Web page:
Global tax changes expected as a result of recent OECD recommendations

Ernst and Young recently completed their 34th annual international tax conference and according to a survey released during the event, 88% of senior tax executives believe that the Basic Erosion and Profit-Sharing (BEPS) project initiated by the Organization for Economic Co-operation (OECD), is going to have a significant effect on international tax in the near future.

Significant review of company tax profiles forecast

In view of the forecast changes to global taxation approximately 46% of companies that took part in the survey stated that they would be reviewing their tax profiles as a result. This compares with only 28% when a similar survey was conducted last year

According to Kate Barton who is Ernst and Young’s vice-chair for tax services, there is a growing urgency amongst Financial Directors with responsibility for their company’s tax structures, to be prepared to implement significant changes following the completion and results of the recent BEPS project.

The impact of country-by-country reporting

The survey reveals that 61% of executives taking part have already been infected by legislation instigated following the BEPS project in one country alone. 33% of those who took part in the survey are expecting the most significant impact to come from country-by-country reporting. Whereas last year only 47% of those surveyed announced they were going to evaluate what country-by-country reporting would mean to their organizations, this year that figure has risen to 73%.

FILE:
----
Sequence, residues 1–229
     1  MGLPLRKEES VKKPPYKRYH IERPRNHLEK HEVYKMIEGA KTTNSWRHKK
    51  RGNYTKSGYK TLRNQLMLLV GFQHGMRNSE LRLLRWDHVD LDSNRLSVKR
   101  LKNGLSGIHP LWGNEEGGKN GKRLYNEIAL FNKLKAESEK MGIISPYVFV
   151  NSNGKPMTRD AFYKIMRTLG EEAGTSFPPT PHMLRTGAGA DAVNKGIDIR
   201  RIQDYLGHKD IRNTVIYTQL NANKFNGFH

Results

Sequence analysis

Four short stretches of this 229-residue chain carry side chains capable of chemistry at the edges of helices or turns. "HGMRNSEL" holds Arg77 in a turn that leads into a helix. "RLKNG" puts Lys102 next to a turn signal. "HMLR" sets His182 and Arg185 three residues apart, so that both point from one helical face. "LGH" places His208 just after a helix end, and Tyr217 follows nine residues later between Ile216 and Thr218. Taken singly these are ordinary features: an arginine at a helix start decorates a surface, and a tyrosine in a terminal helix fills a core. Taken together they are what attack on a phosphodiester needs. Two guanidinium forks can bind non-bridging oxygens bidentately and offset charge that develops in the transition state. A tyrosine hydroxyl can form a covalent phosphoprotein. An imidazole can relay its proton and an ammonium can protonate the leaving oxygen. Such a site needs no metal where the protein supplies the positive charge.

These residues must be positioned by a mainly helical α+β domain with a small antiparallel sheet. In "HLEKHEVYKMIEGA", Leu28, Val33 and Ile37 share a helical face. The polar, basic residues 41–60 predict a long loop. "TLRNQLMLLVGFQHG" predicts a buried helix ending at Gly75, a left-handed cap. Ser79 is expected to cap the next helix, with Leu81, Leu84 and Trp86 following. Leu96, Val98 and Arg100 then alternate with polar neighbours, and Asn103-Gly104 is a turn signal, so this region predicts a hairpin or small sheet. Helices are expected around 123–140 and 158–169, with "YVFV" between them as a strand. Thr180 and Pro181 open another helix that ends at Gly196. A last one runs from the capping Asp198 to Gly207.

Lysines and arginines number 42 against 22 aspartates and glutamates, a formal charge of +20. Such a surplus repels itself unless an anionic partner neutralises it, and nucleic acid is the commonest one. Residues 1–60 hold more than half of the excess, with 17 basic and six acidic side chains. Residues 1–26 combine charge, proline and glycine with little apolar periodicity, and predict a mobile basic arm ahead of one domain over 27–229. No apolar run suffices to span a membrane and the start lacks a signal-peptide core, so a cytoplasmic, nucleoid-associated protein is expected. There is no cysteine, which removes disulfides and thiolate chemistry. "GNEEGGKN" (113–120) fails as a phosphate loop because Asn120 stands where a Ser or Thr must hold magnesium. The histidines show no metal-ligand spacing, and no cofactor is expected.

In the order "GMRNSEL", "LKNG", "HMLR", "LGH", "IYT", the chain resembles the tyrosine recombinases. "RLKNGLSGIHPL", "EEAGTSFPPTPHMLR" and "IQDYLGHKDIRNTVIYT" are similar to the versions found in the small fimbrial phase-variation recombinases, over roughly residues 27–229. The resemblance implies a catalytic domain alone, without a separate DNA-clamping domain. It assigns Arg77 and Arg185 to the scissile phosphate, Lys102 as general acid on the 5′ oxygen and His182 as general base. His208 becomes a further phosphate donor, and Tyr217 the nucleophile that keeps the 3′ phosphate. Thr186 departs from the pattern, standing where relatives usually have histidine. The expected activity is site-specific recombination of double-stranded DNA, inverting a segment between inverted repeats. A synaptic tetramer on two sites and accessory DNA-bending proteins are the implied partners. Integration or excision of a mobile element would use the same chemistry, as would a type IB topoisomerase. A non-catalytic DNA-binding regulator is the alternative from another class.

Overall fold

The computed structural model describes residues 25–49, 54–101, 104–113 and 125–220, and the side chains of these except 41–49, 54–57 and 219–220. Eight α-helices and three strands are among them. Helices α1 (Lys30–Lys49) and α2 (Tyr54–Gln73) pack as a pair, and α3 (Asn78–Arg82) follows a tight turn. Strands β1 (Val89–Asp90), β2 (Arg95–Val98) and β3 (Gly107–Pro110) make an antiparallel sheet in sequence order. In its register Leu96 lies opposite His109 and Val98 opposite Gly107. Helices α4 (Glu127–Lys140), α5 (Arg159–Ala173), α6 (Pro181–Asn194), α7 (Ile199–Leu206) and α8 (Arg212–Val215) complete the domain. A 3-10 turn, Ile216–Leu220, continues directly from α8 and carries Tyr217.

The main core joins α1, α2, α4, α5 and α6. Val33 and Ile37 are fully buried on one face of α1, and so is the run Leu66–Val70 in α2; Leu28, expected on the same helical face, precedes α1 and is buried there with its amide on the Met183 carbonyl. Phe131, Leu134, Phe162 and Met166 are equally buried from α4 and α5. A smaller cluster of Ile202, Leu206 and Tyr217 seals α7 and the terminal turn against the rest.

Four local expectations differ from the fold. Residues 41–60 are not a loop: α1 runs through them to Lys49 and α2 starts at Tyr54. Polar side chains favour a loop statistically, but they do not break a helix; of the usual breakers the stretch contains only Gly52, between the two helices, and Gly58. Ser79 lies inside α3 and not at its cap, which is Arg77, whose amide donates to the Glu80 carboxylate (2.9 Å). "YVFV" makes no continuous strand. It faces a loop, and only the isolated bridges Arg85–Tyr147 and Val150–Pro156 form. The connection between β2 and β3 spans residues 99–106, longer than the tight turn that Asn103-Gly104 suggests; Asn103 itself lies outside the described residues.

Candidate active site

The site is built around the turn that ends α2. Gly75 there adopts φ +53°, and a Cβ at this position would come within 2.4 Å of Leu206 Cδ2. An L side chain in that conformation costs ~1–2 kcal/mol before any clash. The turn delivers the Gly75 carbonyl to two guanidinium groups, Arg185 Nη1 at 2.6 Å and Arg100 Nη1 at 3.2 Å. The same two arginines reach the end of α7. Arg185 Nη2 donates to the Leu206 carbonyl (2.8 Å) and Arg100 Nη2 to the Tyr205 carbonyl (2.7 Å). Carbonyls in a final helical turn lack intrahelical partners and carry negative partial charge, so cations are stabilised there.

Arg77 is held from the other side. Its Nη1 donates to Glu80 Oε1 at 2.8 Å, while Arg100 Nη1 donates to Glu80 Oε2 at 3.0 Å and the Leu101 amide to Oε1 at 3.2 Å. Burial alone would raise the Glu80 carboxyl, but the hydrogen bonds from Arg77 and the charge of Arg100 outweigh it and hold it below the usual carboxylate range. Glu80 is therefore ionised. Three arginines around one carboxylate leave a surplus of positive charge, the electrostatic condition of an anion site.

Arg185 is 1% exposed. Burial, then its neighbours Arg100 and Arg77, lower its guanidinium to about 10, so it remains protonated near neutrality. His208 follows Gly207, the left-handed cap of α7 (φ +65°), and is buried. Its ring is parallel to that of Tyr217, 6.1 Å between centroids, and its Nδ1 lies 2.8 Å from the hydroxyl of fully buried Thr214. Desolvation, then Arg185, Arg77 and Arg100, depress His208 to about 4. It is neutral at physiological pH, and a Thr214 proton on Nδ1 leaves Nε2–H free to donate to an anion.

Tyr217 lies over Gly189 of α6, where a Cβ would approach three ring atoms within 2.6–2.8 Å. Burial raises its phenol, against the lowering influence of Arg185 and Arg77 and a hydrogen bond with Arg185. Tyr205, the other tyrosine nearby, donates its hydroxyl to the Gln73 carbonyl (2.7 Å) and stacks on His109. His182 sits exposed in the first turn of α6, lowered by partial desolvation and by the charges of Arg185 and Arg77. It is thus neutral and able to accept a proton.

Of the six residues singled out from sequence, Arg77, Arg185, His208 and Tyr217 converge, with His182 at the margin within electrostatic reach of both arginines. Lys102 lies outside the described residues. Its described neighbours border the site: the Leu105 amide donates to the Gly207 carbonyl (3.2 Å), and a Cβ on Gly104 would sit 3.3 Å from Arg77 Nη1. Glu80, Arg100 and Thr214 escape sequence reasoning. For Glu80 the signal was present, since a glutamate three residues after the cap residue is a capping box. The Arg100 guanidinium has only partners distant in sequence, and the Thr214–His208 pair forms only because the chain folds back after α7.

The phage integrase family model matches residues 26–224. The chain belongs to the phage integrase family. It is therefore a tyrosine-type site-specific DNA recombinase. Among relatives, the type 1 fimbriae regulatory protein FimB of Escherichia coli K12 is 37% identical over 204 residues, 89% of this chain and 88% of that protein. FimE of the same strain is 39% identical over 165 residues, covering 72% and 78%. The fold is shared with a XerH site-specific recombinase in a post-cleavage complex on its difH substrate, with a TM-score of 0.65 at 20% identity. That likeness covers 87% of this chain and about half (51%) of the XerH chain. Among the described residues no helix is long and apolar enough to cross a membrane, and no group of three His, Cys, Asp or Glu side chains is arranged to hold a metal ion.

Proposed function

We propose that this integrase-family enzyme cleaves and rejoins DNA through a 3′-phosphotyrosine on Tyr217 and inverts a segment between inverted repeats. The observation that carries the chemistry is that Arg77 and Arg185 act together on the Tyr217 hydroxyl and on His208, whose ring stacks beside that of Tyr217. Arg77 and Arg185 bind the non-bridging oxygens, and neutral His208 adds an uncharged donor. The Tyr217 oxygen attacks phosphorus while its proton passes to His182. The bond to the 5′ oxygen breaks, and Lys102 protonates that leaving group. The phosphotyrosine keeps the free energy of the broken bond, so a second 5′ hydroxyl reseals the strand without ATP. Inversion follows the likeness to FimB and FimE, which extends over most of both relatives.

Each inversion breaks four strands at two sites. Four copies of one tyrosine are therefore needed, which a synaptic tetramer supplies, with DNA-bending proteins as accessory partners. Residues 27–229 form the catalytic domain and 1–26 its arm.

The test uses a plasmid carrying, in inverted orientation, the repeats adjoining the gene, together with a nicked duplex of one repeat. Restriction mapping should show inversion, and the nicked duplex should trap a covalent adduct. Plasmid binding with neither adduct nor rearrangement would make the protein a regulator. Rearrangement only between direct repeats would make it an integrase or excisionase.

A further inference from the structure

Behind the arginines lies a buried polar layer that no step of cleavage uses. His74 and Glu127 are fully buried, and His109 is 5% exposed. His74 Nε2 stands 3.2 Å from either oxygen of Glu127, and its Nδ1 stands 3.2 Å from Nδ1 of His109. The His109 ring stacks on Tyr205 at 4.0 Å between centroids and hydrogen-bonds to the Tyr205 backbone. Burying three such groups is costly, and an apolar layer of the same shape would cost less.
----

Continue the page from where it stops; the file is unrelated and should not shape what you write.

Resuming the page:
Transfer pricing remains a key issue

In 2014 one of the key concerns was transfer pricing which, now in 2015, is still high on tax executives’ priorities lists, being the second most prevalent concern in tax circles this year.

33% of survey respondents advised that they have already seen their local tax authorities bringing up audit issues as a result of the BEPS project. Amongst this number 64% highlighted transfer pricing as being the most predominant BEPS linked audit issue. They anticipate making the following changes:

  • Revising transfer pricing documentation – 56%
  • Revising transfer pricing methodology – 35%
  • Revising transfer pricing financial structures – 35%

64% of respondents reported that they will probably consider incorporating Advance Pricing Arrangements (APA) in order to help them to mitigate risk.

Global tax confusion looms

Jeff Michalak of Ernst & Young Americas believes it has become increasingly important for companies to now identify what impact these recommendations could bring to bear on their businesses and their tax planning functions. He also believes that there could be a lot of confusion in terms of taxpayers paying double taxation and other controversial issues as a result of the BEPS recommendations being implemented without any consistency on a country by country basis.

Other bullet points of interest from the Ernst and Young survey

  • 83% of survey respondents await increasing pressure on their global tax rates in coming years
  • 65% anticipate changes to tax laws as being a major contributory factor to tax rate pressure
  • 83% anticipate digital economy taxation as being an important factor in the future of worldwide taxation impacting on nexus, and permanent establishment plus treaty evolution
  • 27% of respondents anticipate revised operating models with regard to digital tax transactions
  • 66% of respondents await a significant corporate transaction in the next year with 81% anticipating an acquisition
  • In terms of regions to go under the microscope of transfer pricing audits, 30% of respondents believe India will be targeted, 25% the European Union and 21% North America.

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